If being an adult has taught me anything, it is that people are temporary. Now that I am approaching the ripe old age of 27, this lesson has proven itself to be true time and time again. This isn’t necessarily a bad thing, though. Life has a great way of forcing toxic people out of our lives even when we are trying to hold on to them with a vice grip. Life also has an uncanny way of getting rid of people who aren’t toxic, too. Things just happen. There are many reasons why we wish to hold on to certain people: genuine love, hope for better in the future, the unsettling feeling that you’ve failed to produce a thriving relationship, or you’re just too comfortable to enact change. It is normal to do anything to attenuate the threat of pain, and consciously cutting people off can hurt, even if you’re the one doing the cutting. Everyone can probably think of at least one circumstance where they held on to someone too long, and we all have surely experienced a time or two when matters out of our control snatched people away through death, illness, etc. One thing that has often helped me cope with the loss of people I’ve cared about is the realization that it is usually not personal. Your 20’s are a time of self-discovery. During this time you are trying to find your place in the world, your purpose, and what you want out of life. Our journeys are quite self-centered in nature, and not everyone is going to have a recurring role in our life stories. When I think back on those who have come and gone over the years, it typically wasn’t due to some big fall out or dramatic event. The rift was slow and progressive, and before I knew it, we hadn’t talked in a week. One week turned into two, two weeks into a couple of months and so on and so forth. Adulthood and its many demands can make maintaining non-familial relationships remarkably difficult, and it is not uncommon for friendships and romantic relationships to fizzle out right before your very eyes. I have found it much easier to accept the demise of a relationship when it was nothing more than life doing its thing, but it can be a harder pill to swallow when you are fully aware that your friendship or relationship is breaking down and you know you must rip off the band-aid and shut things down.
Signs: They’re Everywhere
I remember in 2nd or 3rd grade I desperately wanted to be friends with this pair of girls in my class. I never really had many friends all throughout school, usually just one or two good friends that I was always grateful for. My best friend from the previous year had moved away, so I was stuck without a partner in crime for most of the year. I wasn’t as outgoing as most of my classmates, but these girls’ desks were near mine, so I did put in some extra effort to be friendly with them. Most of my efforts were futile. They would talk to me here and there, but they often left me out when it was time to form groups and play at recess. When it was time to go home, they would sit together on the bus and would often come back to school Monday morning reminiscing about the fun they had during their weekend sleepover. Talk about feeling left out. I kept trying to fit in with them until a new girl came into our class, and we hit it off right away. Of course as children we don’t realize when it’s time to stop trying to force something, but many of us grow into adults and still try to force relationships with people when the universe is clearly trying to tell us to let it go. I am convinced it is the ego that causes us to fight losing battles with people who make it blatantly clear that our presence in their life is not crucial to their happiness. Instead of just realizing it is time to let them be and move on, we become me in 2nd grade, wearing out our welcome and hurting ourselves in the process. Why do we fight so hard to convince other people we are worthy? Why is acceptance of others such a vital part to our self-esteem? It all goes back to the ego. If you take a step back and look at the situation, you will see that it is not the person you are fighting to hold on to per-se, just what he/she represents. Their rejection of you is a blow to your ego, and you will do everything you can to prove to them that you are indeed worthy of their affections. If someone wants you to be a part of their life, there will be no ambiguity. You won’t feel as if you are forcing the relationship.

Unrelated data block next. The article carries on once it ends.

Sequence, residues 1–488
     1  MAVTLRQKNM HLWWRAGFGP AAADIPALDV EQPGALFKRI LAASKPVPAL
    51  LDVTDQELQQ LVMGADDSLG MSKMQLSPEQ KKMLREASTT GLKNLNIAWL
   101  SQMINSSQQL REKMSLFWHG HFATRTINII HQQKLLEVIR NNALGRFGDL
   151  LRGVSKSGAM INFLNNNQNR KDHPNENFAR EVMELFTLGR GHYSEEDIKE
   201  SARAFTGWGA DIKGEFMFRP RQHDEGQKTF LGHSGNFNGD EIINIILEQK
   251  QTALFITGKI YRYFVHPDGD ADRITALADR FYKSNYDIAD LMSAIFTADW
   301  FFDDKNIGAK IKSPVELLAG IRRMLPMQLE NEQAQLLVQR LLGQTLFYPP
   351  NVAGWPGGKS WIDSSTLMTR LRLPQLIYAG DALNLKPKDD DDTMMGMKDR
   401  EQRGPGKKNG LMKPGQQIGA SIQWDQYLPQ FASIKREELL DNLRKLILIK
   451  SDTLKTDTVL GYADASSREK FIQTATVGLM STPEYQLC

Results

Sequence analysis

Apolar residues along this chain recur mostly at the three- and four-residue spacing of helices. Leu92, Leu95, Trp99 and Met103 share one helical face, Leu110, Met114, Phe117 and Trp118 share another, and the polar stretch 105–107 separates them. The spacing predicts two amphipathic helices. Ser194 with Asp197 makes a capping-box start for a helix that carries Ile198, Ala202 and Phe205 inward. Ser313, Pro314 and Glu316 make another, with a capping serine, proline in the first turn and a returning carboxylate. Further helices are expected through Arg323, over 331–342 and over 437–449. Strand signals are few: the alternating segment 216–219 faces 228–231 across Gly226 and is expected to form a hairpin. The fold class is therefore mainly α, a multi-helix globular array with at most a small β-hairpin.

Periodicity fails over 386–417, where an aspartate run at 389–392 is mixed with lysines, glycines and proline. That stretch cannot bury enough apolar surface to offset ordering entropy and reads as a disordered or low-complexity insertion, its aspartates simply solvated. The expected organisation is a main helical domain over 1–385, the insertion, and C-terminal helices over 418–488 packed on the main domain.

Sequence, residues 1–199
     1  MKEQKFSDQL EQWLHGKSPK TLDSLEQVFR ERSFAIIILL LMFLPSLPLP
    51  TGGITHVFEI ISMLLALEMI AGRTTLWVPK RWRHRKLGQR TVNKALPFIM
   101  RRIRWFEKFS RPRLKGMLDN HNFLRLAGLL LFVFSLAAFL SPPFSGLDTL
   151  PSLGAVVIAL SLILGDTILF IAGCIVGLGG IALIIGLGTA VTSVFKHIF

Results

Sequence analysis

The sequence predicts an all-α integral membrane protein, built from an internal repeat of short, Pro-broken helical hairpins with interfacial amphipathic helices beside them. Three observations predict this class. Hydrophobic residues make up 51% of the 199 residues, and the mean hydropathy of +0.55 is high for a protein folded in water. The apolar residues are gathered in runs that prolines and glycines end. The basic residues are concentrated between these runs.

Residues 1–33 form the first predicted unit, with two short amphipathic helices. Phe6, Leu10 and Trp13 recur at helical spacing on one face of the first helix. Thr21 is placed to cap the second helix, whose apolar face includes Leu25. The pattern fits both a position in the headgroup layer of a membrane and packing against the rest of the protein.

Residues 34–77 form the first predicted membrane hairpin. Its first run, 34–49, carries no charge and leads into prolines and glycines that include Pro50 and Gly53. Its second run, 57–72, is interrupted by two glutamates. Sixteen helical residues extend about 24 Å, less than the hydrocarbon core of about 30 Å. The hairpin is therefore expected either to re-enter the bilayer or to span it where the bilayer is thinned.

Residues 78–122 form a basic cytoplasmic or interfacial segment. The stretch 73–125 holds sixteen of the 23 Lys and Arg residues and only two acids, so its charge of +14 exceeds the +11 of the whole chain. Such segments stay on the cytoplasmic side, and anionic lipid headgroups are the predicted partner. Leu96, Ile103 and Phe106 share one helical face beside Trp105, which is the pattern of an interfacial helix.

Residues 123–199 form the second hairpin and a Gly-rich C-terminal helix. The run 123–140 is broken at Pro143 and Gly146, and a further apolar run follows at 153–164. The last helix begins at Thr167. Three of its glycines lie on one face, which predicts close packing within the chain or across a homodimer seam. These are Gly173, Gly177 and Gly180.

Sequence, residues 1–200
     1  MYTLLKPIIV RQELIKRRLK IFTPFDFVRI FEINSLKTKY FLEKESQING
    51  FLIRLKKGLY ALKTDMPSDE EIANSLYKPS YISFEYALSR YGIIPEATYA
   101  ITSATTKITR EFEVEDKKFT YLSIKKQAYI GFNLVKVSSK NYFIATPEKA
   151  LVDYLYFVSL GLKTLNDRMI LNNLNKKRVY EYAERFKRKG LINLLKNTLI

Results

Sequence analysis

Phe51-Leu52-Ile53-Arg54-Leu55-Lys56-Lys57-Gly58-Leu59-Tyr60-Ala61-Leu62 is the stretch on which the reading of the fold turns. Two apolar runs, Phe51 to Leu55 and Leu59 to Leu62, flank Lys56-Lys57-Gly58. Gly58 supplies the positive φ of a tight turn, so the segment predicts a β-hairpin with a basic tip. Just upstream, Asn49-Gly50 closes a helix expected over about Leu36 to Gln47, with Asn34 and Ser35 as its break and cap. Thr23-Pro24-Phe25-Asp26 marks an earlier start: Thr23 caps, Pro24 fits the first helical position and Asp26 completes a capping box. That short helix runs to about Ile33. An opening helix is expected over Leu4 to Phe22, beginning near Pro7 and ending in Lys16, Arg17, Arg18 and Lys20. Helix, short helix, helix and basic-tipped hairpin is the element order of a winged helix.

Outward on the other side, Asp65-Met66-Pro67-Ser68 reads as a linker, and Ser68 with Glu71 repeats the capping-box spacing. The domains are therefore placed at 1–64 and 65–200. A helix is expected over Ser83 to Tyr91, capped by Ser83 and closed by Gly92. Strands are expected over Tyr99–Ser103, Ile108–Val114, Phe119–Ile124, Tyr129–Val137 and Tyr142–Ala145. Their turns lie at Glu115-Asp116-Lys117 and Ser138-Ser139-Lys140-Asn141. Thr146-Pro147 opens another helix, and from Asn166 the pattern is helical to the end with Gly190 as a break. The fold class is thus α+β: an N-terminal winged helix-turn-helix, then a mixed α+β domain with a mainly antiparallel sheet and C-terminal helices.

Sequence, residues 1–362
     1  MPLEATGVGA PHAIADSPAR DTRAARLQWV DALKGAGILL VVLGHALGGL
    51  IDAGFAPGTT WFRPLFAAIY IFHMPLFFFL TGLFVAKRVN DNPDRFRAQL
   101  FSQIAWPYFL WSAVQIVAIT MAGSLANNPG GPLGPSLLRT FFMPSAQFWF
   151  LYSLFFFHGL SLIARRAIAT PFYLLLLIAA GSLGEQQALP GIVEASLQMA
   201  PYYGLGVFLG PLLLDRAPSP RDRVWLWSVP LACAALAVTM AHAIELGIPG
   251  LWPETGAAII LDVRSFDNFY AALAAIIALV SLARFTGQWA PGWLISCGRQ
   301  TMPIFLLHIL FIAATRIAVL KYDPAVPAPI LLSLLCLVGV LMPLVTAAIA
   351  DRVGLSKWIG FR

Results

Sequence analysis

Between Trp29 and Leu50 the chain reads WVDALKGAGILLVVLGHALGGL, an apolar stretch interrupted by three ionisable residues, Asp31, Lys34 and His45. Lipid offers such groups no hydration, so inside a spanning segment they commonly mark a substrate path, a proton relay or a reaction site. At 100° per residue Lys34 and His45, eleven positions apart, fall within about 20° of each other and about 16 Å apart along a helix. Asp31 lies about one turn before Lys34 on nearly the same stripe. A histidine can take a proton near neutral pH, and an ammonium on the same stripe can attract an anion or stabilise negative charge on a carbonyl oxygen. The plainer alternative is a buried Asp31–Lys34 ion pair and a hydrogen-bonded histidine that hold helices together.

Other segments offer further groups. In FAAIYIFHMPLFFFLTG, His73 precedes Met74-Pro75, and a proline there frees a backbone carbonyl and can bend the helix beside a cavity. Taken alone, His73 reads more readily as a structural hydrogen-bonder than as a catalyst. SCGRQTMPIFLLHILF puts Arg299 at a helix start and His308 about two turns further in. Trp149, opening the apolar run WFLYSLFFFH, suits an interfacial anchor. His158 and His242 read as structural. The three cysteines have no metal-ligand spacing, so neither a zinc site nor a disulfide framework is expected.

The universe often blesses us with obvious signs that certain people are not meant to be in our lives, but we long to be that one case that is the exception to the rule. If we were able to reform that toxic friend or salvage our dysfunctional relationship, all the doubters have been silenced. Instead of releasing ourselves of the mental anguish of trying to make someone play the role we’ve developed for them in our head, a lot of people torture themselves just to prove a point. If they’re not fighting to stay in your life, why are you hurting yourself trying to keep them there? It is vitally important to realize that many people we encounter are just here to teach us something, and when the lesson is learned, they move on and so should you. I have never been one to believe that those who walk into our lives do so aimlessly, but you must have the focus to see things for what they really are and not the way you want them to be. Sure, that is easier said than done. It is quite difficult to break away from someone before you are emotionally ready, but your future self will thank you for it, trust me.